20 Dec 2007
Can Britain Feed Itself?
Clearly, in the context of energy descent, this is a question we should all be asking, yet amazingly no one has really asked it in any depth since Kenneth Mellanby’s book ‘Can Britain Feed Itself’ published in 1975. In the most recent issue of the excellent publication The Land, editor and planning reform campaigner Simon Fairlie returns to Mellanby’s report and attempts what he admits is a “back of an A4 envelope” update, and the results are fascinating. You can download the pdf. of his report here, it may be the most fascinating and important piece of reading you take away with you for the Christmas break. His conclusion is similar to Mellanby; yes Britain can feed itself, but the key is the amount of meat we consume.
The UK can feed itself organically, he argues, but the weak point is the production of meat. In the scenario he sets out which is of most relevance to Transition work, which he calls the “Permaculture approach”, he allocates land for meat (83 grams of red meat per person per day, the equivalent of a family roast on a Sunday, and about half what people eat now, as well as some pigs, chickens, fish and sheep), for intensive horticulture and fruit, for wheat (both for grain and for thatching), for textiles, firewood and for biomass, and argues that this can all be done organically, with 2.8 million hectares left over to play with.
If the entire nation were to become vegan, we could have 8.8 million hectares left, but it doesn’t feel to me to be at all likely that that is ever going to happen, although it does strengthen the case for the vegan diet. The key issue here is that the more people we put on the land, the more productive it will become, but as Richard Heinberg has argued, if the UK is to model itself on Cuba, we would need 8 million people to support a post-oil agriculture, at the moment we only have half a million.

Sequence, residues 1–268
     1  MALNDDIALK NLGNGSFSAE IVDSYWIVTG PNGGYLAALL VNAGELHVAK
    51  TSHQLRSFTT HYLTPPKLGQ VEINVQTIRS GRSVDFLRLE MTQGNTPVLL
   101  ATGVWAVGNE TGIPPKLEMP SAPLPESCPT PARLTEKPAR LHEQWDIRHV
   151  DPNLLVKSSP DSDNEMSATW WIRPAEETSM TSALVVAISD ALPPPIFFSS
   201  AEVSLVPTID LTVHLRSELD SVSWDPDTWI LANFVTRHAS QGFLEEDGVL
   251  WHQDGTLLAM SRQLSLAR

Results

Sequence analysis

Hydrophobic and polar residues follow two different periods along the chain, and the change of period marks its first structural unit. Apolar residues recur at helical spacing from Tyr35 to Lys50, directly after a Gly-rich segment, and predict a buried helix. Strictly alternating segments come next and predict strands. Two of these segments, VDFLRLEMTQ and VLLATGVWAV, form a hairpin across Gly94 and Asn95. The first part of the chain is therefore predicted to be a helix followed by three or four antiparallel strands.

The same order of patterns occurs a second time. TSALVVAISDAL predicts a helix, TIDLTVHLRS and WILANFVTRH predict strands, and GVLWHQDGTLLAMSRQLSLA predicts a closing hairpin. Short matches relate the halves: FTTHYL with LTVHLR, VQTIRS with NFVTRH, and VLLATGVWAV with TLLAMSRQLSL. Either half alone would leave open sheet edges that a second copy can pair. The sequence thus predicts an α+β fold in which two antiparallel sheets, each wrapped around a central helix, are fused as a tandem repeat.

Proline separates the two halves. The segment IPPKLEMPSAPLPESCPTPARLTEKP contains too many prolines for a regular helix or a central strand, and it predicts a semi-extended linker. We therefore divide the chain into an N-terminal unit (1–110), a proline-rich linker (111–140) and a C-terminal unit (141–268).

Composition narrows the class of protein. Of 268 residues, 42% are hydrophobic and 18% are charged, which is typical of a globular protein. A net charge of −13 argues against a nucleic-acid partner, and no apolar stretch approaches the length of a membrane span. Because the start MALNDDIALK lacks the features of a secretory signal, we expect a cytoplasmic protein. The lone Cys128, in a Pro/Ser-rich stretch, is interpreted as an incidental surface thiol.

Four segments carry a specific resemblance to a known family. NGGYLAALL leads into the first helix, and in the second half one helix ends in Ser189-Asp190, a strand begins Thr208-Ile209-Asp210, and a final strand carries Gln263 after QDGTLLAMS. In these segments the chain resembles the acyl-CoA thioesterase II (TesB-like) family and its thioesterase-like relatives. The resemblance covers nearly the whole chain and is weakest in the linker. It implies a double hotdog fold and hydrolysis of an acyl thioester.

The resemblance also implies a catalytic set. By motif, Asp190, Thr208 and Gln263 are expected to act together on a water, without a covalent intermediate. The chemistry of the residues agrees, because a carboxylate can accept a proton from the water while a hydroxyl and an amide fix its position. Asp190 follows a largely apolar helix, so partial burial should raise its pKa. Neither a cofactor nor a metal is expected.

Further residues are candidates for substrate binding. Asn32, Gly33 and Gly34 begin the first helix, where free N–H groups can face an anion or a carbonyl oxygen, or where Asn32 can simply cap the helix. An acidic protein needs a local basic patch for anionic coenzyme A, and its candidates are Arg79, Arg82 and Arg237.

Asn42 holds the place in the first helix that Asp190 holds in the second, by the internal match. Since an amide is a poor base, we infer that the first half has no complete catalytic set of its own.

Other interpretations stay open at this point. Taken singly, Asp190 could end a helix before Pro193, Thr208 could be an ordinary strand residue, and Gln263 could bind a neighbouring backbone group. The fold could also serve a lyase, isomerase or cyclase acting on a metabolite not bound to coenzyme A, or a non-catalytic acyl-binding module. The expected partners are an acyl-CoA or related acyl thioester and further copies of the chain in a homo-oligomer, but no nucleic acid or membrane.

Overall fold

Fairlie’s report is thorough and it poses some important questions. What it does very powerfully is to set out a tangible alternative to cornucopian techno-fantasists like James Lovelock’s vision of a nuclear powered future where, as Fairlie puts it, “a third of the land is given over to wilderness, and a third to agribusiness, while the majority of the population is crammed into the remaining third and fed on junk food”. This is the beginnings of really setting out how our countryside could become more diverse, more resilient and sustainable in the truest sense of the word, as in able to function, in a low to zero carbon way beyond the availability of cheap fossil fuels. This brilliant piece of work is the perfect riposte to those who argue that organics can’t feed the world, and is essential Christmas reading!